Without evidence of benefit, an intervention should not be presumed to be beneficial or safe.

- Rogue Medic

Being Fooled By Appearances

In EMS, we are sometimes quick to draw conclusions about what we are dealing with. This is not entirely our fault. Medical directors have frequently required that we get all of that assessment stuff out of the way quickly, so that we can call on line medical command to go through the Mother May I? routine.

Is this any way to encourage a thorough assessment?

Of course not.

We frequently end up making this call in front of the patient, so we have to balance making statements that may upset the patient with upsetting the doctor by presenting a vague, or incomplete, picture.

A recipe for failure?

Absolutely.

Quick impressions are often wrong, or overly simplistic, but that is what the people behind on line medical command permission requirements insist on.


Image credit.

I find it amusing that a mortgage company is using these commercials that point out the ways that we can leap to completely wrong conclusions.

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And since it is the day when a lot of people defile weak beer with green food dye, an optical illusion of a four-leaf clover is appropriate.


Image credit.

Why do national celebration days end up as drinking holidays, rather than demonstrations of the qualities of the nationalities?

though I am native here
And to the manner born, it is a custom
More honor’d in the breach than the observance,

Hamlet Act 1, scene 4,
explanatory notes from eNotes.com

The on line medical command Mother May I? recklessness and the drunken revelry as national pride are both pathetic.

These are traditions that are dishonorable when not broken.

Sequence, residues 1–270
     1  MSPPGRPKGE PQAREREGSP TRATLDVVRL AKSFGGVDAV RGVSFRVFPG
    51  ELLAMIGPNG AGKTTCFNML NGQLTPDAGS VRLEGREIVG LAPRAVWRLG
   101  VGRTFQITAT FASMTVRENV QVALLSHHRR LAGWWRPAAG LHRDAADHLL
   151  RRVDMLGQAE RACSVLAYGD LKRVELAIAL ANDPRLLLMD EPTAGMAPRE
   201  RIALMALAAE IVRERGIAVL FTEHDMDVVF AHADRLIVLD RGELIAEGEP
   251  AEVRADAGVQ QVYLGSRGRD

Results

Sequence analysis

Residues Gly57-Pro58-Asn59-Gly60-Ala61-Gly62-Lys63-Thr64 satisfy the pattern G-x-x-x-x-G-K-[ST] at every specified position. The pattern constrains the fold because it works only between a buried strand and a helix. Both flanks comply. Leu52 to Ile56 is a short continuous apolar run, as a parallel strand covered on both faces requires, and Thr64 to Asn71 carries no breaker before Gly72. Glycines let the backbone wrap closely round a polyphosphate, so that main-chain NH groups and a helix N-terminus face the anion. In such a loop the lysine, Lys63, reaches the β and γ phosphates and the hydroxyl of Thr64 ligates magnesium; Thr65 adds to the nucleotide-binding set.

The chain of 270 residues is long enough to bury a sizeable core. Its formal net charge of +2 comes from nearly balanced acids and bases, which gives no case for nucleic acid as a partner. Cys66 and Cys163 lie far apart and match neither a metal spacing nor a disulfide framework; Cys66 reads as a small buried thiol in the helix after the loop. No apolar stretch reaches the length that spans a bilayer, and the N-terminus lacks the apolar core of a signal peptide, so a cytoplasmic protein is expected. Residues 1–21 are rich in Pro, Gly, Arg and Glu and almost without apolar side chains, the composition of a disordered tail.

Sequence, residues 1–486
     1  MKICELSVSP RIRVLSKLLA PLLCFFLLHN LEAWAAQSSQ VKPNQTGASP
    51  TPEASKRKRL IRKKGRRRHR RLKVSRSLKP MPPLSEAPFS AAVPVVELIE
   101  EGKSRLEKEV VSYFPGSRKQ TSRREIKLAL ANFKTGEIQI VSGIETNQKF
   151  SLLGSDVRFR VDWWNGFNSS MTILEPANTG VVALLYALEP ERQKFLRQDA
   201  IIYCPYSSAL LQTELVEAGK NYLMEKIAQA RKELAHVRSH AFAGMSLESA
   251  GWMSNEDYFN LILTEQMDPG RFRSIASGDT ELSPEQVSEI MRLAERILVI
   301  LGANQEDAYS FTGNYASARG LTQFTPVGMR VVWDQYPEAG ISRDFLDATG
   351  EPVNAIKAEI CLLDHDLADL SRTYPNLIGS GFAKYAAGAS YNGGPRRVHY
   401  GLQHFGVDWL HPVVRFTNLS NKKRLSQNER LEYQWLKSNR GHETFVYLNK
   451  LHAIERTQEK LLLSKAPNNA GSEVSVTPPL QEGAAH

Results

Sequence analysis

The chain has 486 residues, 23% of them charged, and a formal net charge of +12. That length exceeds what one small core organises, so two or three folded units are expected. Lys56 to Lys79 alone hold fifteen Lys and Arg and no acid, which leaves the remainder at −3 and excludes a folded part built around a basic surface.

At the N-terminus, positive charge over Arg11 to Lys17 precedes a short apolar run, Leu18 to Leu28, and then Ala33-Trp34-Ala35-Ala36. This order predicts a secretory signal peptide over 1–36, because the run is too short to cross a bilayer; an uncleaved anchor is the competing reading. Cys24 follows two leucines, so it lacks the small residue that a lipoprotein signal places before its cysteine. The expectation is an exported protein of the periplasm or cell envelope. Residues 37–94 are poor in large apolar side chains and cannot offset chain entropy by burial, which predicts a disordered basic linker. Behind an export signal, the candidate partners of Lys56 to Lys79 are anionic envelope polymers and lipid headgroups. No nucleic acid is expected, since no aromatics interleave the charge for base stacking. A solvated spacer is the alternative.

Don’t get in trouble for not calling command when it is required, but feel free to point out the foolishness of this practice. There is no evidence of any benefit from on line medical command Mother May I? requirements. These requirements only encourage medical directors to authorize dangerous medics to work as medics.

A magic phone call does not transform a dangerous medic into a safe medic.

On line medical command permission requirements only provide the appearance of oversight, but without any of the substance of oversight. We need to stop pretending that medical directors are doing anything other than fooling themselves with appearances.

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Comments

  1. I couldn’t agree with you more. Here in the mountains, we have luckily come a long way. When I first started working here, it was common practice to call the local hospital where our medical control was for every transport. I mean every single transport. It didn’t matter that 99% of the patients were being transport to a different facility. On top of this was the fact that the medics weren’t talking to an MD to get orders, it was just a nurse. I questioned this practice from day one and always received the same answer, We’ve always done it this way. Now, thank God, we’ve put that archaic practice out. Plus, in the majority of every protocol, contacting medical control is at the bottom of the list. Nice blog by the way.

  2. Have I told you lately that I love you?! Please move to Florida! We need you and your street level expertise here. It’s wonderful to read article after article of ‘common sense” approaches to modern day emergency medicine!

  3. I agree completely! Although it is important and beneficial to have the option of calling medical control when we need help, we should not have to calll and ask for permission to treat the patient using the medications and therapies available to us. If we are to be trusted to properly implement and manage a certain treatment while the patient is in our care, then we must have the knowledge and assessment skills to determine if it is appropriate for the situation.

    And conversely, if a person is too incompetent to know when and how to use a certain medication or treatment, should they be allowed to use it under any circumstances? I don’t think so.

    • Exactly. I would be ashamed to call myself a Medical Director if I didn’t have the knowledge and confidence in myself to teach and supervise my Paramedics to use every drug and technique available in 2012. Get off your butt and teach your staff or get out of the business!

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